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Many of the concepts on SAT Math you'll learn in your math classes in school. The concepts that are tested on the Math portion of the SAT are unique and specific.
I WILL COACH YOU TO BE SUCCESSFUL ON YOUR MATH SAT or ACT.
MY MISSION IS TO:
The VERY first step in preparing for the math section of the SAT should be familiarizing yourself with exactly what's on it.
Whatever math class you're taking in school, you should be able to conquer the SAT math topics with the right approach to test prep.
SAT Math Format
Here's the breakdown of time, number of questions, and question types on the two SAT math sections.
1) No calculator SECTION: 15 multiple choice, 5 grid-ins, 25 minutes
2) Calculator SECTION: 30 multiple choice, 8 grid-ins (including one Extended Thinking question), 55 minutes
Total 58 questions, 80 minutes
You'll have access to the FORMULAS SHEET ( see the picture above) for geometry in both sections.
Both sections will begin with multiple-choice questions, each of which will feature four answer choices. Then you'll be asked for some student-produced responses, more commonly known as "GRIDS-IN"
On the calculator section, some of these grid-ins will relate to one another as part of an Extended Thinking question.
College Board sorts the question types into these categories:
1) Heart of Algebra,
2) Passport to Advanced Math
3) Problem Solving and Data Analysis
4) Additional Topics ( only 10% of the SAT math questions)
1) HEART OF ALGEBRA
Summary of Tasks
2) PASSPORT TO ADVANCED MATH
Summary of Tasks
3) PROBLEM SOLVING AND DATA ANALYSIS
Summary of Tasks
4) ADDITIONAL MATH TOPICS
While 90% of your questions will fall into the Heart of Algebra, Passport to Advanced Math, or Problem Solving and Data Analysis categories, the remaining 10% will simply be classified as Additional Topics.
These topics include geometry, trigonometry, and problems with complex numbers.
Summary of Tasks
To truly prepare for the math section of the SAT, you should make sure to review all of these topics. Some problems, furthermore, will integrate topics and require you to apply multiple skills and concepts as you work toward a solution. Multi-step problems are prevalent throughout the math section.
In addition to understanding content and format of the SAT Math section, there are some key features you should know about.
You may notice that several of the problem types state that they require multiple steps to solve. While wording of math questions should be straightforward, the thinking and calculations required will be relatively involved. To prepare, you'll especially want to focus on TIME MANAGEMENT and working quickly and efficiently.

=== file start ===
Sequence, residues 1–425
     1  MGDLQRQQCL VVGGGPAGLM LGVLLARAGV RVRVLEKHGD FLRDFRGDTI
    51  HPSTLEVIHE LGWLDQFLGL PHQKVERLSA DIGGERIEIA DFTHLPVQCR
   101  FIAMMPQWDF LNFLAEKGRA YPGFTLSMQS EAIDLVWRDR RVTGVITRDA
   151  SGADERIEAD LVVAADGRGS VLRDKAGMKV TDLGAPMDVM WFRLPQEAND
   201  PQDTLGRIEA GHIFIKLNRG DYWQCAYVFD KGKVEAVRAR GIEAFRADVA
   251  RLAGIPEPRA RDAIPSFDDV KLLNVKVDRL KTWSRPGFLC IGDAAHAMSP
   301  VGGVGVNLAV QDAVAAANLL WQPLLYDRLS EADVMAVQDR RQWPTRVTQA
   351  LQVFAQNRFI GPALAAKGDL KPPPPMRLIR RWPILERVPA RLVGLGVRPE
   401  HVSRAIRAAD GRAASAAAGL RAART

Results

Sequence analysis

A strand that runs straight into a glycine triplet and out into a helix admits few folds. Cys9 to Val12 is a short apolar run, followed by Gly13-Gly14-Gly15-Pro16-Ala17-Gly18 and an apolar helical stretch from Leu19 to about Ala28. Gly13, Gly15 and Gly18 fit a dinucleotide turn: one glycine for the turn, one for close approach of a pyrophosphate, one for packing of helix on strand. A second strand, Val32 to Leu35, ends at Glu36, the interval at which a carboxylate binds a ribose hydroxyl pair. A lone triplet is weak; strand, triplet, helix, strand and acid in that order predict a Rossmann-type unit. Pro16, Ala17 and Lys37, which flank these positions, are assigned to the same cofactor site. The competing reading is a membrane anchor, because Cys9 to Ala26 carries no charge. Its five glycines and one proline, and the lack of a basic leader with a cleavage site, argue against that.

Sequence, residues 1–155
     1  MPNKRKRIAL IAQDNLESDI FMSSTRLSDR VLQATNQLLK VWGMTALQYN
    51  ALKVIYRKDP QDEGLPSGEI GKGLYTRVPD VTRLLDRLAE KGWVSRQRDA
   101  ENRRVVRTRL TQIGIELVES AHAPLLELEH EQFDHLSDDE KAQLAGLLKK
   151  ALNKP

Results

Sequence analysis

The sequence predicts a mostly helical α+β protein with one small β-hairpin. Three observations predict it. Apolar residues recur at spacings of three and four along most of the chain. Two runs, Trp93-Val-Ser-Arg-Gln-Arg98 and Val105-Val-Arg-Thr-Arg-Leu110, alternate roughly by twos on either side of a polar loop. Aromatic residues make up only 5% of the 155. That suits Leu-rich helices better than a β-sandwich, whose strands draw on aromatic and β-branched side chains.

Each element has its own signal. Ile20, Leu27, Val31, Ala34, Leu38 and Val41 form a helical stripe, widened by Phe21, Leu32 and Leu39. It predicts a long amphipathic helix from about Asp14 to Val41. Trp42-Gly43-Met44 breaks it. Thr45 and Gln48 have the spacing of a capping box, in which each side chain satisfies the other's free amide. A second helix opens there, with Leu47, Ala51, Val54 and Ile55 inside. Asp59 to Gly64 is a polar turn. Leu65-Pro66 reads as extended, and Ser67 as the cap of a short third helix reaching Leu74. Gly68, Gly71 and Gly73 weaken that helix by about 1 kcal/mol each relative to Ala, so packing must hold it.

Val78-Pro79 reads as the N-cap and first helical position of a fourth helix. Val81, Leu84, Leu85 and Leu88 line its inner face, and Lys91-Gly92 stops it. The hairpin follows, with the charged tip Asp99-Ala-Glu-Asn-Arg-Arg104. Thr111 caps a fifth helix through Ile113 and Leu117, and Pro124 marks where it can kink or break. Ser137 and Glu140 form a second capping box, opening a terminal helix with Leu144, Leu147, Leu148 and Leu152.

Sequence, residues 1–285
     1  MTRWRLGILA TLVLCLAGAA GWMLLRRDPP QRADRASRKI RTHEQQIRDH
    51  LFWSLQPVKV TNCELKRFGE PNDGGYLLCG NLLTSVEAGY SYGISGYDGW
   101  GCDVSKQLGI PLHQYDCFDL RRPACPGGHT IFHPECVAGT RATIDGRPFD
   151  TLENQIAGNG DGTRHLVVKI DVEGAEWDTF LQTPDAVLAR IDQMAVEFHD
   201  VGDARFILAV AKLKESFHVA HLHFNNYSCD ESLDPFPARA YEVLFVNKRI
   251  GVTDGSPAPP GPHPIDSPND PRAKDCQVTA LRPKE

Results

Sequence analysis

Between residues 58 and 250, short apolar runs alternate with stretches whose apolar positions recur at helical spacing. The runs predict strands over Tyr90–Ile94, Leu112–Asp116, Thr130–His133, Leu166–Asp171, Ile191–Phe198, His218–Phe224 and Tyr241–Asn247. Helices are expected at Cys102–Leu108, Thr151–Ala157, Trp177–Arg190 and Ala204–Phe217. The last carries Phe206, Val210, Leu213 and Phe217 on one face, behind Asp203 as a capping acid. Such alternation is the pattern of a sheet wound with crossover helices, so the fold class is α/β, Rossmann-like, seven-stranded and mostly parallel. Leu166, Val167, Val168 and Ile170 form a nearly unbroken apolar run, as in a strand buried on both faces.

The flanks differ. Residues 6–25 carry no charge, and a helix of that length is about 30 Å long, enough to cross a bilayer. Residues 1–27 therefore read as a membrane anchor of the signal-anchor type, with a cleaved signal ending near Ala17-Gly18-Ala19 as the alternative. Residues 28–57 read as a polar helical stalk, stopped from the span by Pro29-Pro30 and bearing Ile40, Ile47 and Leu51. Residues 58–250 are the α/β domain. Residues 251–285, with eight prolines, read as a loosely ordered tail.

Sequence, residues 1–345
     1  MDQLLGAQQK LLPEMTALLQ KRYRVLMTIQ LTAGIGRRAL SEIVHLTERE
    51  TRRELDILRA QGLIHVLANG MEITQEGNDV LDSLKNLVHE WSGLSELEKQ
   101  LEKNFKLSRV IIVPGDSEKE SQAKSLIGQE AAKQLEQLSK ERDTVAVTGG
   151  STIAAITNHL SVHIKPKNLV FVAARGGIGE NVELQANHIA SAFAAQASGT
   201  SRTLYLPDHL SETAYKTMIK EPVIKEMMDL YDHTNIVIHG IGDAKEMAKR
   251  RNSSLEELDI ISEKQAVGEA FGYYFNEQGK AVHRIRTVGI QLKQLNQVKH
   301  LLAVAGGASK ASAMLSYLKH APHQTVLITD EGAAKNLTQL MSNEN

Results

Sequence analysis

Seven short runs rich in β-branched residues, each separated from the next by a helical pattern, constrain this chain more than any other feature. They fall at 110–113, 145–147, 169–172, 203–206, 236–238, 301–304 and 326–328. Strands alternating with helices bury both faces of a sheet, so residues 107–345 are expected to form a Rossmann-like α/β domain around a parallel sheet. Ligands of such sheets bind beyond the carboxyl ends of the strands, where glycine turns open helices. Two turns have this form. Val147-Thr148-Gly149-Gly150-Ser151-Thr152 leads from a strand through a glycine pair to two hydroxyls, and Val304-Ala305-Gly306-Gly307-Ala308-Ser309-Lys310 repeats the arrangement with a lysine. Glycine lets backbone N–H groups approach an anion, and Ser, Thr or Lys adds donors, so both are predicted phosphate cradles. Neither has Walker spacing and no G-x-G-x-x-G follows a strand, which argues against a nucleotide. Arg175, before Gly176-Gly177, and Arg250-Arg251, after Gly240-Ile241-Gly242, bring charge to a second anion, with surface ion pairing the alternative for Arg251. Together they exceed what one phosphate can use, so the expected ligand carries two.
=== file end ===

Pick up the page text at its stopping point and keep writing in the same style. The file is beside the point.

To solve a word problem, you may have to combine skills from one more than one content area or use several steps to get to your answer. Word problems may present a long scenario, and you'll need to figure out what data to use and what concepts to apply to get to your answer.
Emphasis on "Real World" Applications
According to College Board, much of its purpose behind redesigning the SAT was to make the test more closely aligned with classroom learning and real world skills. As a result, the math section won't feature too many abstract reasoning questions.
Instead, the word problems will be grounded in realistic situations. Some may ask you to calculate gas left in a car's gas tank or the conversion of money from one country's currency to another. Most word problems will present scenarios that you might encounter in your life.
A Few Geometry and Trigonometry Questions
About 10% of the questions will feature GEOMETRY and/or TRIGONOMETRY. Since not everyone has studied trigonometry in school by the time they take the SAT, these questions may call for separate, SAT-specific preparation.
You should acquaint yourself with the relevant CONCEPTS AND FORMULAS, but focus most of your energies on preparing for algebra, functions, inequalities, graphs, and word problems.
A NO-CALCULATOR and a Calculator Section
For 25 minutes, you won't be able to bring out your calculator to answer any of the math questions. There's no need to worry! The problems in the 25-minute section won't require a calculator; in fact, using one on those problems would probably just slow you down.
Calculator fluency, or knowing how and when to use your calculator effectively, is an important skill on the SAT math. THE COLLEGE BOARD says, "Calculators are important tools, and...you'll need to know how - and when - to use them...The calculator is, like any tool, only as smart as the person using it. The Math Test includes some questions where it's better not to use a calculator, even though you're allowed to."
So you definitely won't need one on the shorter "no calculator" section, and you may not even need one on many of the problems in the longer "calculator" section. Answering lots of practice questions can help you get better at deciding when a calculator would be helpful and when it would just slow you down.
An Extended Thinking Problem
A few of your questions will be part of an Extended Thinking problem. Typically, this Extended Thinking problem will be part of the grid-in questions near the end of your 55-minute section.
Basically, you'll get a graph, table, or word problem scenario and then have to answer multiple questions about it.
Working together, YOU will ROCK THE MATH PORTION OF THE SAT!
Contact me at: firstname.lastname@example.org for a free evaluation.
If I were again beginning my studies, I would follow the advice of Plato and start with mathematics.
— Galileo Galilei